Symptoms Of Shingles, Medical And Natural Treatment Methods
A part of the body that could show symptoms of shingles could be just the left or right part. This condition begins with a rash looking like clusters of blisters. Older people as well as those with compromised immune system are at risk in developing this condition. This could even result in complications which include nervous system issues, vision loss and nerve fiber damage. This can get very painful.
What Triggers Shingles?
The varicella-zoster virus is the culprit for shingles. This is the very virus that also causes chickenpox. A patient who recovers from chickenpox will have the dormant virus inside his body for the rest of his life. In some people, though, this virus is activated and even goes to the skin’s nerves. This eventually develops into shingles.
People who have not had a vaccine against chickenpox could contract the disease and eventually suffer from shingles.
Experts have yet to discover the cause for the virus’ activation. It is speculated, though, that low immunity could be a huge factor. Note that the virus is a part of the genus Herpes virus so it can also be referred to as herpes zoster.
Who else is at risk in developing the symptoms of shingles? Here is a list of people who might develop it –
- People who are constantly under a great deal of stress
- People who have experienced a traumatic incident
- People with a weakened immune system such as those with HIV or cancer
- People who are older than 50
Symptoms are often itching, a shooting or stabbing pain, tingling feeling in your skin, redness on the affected area, chills, headaches, even high temperature.
After just a few days, the rash shows up as a patch or band of raised, watery dots often on just one side of your body. This rash can appear on your waistline, on one side of your torso or your face. Depending on the nerves that have been affected, the blisters can spread and appear on different parts of the body as well. This is a condition that eventually develops into round, fluid-filled, red, painful blisters. These blisters will dry out in a few weeks.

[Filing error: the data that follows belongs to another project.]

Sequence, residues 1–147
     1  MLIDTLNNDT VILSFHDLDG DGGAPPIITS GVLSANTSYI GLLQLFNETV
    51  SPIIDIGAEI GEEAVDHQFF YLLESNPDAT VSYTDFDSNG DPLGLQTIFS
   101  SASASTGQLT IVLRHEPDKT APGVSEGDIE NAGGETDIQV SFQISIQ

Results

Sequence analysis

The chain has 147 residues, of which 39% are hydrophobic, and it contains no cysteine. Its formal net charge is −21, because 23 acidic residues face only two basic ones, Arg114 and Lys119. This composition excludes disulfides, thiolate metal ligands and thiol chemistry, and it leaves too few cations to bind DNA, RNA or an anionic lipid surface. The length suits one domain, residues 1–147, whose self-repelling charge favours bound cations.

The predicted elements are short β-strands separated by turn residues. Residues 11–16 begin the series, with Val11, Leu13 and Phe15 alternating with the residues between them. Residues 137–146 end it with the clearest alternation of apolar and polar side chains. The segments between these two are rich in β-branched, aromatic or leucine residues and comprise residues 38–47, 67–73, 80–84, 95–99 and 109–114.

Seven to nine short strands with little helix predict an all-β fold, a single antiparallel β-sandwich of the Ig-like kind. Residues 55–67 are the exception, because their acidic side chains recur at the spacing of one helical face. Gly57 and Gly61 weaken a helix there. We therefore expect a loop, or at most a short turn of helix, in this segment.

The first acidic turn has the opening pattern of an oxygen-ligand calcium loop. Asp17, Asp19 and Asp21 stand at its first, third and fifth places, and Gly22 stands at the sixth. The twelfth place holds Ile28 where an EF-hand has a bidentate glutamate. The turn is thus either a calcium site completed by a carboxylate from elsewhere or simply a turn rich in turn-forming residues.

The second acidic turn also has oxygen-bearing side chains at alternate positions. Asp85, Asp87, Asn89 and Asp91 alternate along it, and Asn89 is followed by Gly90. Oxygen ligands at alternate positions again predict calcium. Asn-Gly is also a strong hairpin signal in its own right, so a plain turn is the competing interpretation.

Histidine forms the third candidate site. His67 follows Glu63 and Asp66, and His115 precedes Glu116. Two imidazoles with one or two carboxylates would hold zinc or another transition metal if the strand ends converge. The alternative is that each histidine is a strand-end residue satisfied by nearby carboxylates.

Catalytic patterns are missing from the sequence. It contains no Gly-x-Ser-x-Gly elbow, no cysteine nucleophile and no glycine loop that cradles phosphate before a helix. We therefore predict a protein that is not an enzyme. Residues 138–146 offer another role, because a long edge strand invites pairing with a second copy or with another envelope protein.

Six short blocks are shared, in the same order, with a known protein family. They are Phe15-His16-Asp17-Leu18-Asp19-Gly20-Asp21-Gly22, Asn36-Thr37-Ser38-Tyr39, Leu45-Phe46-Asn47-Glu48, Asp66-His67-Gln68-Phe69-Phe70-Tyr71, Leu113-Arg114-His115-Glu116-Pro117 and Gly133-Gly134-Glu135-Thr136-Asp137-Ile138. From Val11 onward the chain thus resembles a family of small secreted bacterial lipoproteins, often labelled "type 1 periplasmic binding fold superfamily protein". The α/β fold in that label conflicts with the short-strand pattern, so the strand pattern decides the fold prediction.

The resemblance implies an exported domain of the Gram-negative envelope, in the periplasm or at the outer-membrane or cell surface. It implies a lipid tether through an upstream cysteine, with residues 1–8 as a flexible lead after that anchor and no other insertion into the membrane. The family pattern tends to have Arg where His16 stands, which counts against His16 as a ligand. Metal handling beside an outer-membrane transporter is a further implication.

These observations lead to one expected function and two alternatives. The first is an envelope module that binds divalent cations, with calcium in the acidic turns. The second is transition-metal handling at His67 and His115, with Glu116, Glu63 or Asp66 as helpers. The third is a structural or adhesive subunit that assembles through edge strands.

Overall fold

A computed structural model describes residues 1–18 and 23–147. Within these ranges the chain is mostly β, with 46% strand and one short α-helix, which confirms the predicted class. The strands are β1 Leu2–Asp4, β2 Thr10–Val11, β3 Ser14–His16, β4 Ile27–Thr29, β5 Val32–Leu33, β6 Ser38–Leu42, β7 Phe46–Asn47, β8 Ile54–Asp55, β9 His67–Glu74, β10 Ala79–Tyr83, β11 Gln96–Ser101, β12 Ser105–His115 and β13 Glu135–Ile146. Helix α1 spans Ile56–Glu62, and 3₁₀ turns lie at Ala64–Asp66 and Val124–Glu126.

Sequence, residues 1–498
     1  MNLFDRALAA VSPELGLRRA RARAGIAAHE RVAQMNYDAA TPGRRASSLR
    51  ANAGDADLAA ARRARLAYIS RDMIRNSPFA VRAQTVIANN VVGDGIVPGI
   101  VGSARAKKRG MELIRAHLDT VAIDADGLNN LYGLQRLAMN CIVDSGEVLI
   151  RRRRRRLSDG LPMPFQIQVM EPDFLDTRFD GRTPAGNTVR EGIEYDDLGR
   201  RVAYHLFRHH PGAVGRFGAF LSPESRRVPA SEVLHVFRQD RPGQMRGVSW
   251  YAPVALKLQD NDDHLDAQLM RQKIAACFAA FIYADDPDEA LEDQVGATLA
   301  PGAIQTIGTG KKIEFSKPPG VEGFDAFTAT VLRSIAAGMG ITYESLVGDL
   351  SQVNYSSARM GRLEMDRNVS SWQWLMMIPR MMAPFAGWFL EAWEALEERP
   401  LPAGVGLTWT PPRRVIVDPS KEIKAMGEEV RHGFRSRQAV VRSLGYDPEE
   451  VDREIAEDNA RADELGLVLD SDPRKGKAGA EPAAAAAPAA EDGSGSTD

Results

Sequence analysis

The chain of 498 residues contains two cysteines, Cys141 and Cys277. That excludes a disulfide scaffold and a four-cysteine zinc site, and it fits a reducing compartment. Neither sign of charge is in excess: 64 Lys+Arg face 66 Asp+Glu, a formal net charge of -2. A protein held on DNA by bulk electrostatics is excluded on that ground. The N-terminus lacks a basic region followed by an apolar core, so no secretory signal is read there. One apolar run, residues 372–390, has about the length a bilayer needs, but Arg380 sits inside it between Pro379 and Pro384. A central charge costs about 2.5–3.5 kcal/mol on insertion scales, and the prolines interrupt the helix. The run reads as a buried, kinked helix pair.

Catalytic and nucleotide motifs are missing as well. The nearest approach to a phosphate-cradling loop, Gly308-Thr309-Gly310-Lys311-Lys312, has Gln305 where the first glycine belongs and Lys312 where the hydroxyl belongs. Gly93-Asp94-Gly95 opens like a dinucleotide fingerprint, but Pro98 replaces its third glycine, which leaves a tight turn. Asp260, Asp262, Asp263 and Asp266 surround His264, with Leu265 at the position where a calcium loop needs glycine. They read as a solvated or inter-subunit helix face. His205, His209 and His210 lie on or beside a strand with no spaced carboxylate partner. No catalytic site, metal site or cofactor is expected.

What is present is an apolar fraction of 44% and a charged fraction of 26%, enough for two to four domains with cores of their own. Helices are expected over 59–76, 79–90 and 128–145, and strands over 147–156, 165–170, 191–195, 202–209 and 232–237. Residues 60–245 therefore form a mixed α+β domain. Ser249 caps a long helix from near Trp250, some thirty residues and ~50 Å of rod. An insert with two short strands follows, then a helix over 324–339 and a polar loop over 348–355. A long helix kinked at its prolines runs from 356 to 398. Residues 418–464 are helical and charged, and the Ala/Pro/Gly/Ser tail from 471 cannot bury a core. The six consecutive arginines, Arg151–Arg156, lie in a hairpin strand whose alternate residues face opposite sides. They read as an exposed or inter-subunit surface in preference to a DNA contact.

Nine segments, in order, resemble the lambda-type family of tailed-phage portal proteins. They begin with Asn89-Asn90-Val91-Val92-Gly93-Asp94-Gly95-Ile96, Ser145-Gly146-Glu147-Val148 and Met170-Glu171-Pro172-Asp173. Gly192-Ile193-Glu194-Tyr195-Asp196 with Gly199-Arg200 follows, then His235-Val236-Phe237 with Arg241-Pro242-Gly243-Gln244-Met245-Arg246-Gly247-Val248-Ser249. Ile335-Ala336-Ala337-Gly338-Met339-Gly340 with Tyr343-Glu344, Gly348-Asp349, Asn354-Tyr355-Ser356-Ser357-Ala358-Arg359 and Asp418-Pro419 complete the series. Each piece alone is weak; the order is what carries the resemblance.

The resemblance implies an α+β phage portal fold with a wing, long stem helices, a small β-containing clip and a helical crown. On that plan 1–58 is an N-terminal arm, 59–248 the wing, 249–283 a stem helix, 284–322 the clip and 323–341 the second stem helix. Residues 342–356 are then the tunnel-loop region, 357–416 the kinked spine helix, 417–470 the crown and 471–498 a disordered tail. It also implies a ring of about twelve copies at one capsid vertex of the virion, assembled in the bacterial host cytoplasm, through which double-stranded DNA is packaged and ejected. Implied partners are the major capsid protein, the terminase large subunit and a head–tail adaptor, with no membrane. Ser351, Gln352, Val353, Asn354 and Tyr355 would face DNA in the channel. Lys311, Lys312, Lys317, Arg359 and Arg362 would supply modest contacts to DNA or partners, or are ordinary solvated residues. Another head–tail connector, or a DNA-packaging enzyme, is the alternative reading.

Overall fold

The scabs show on the 10th or 12th day. There are some cases where the blisters or rash are not even painful. The rashes tend to disappear as the scabs fall off in about 2-3 weeks. Scarring might result.
There are a few patients that even develop postherpetic neuralgia or PHN. This is a condition where the spot remains painful even after the rash is long gone. About 15% of shingles patients develop PHN. This is most common among those aged 50 and older.
The shingles can be diagnosed by a doctor based on the way the rash currently looks. The rash should appear on just one side of the body. The doctor could also scrape or swab the fluid and have the liquid analyzed in a lab.
Treatment or Cure?
There isn’t a single cure for shingles but there are several treatments for this painful condition. The medicines are supposed to provide alleviation from any discomfort or pain. The treatments also help in healing the rash and blisters.
Antiviral meds like Aciclovir, vlaciclovir, and famciclovir can help in easing the discomfort brought about by the illness. It can also reduce the symptom duration. In many cases, the antiviral medication is started within the 72-hour timeframe right after the initial sign of shingles.
Doctors may also offer painkillers to relieve the pain. Paracetamol and other over-the-counter medications are often effective in providing relief for mild pain. Severe cases of pain could require narcotic painkillers or prescription NSAIDs. A few cases ask for corticosteroid prescription to ease the inflammation, pain, discomfort, itching and redness.
If you want to walk the path of natural healing, then you can also consider other treatments. First among the natural methods is to take a cool bath. Cool water is an effective element that eases discomfort and pain. Just linger in the bathtub for several minutes then be sure to dry your skin completely as you finish. Just make sure that the water isn’t too cold or your skin would feel more painful.
Using a wet compress can also help. In easing irritation and pain. Just soak a towel in cool water then wring it out. Apply the compress to the rash for several minutes. Never use ice packs or reuse towels that have already come in contact with the rash. Be sure to wash towels so that the virus will not be passed on to someone else.
Natural topical medications can also help reduce the symptoms of shingles. Be sure to steer clear of perfumed lotions, find the ones with calamine and other soothing ingredients. Wash your hands after applying the medication so that you won’t transmit the virus to other people.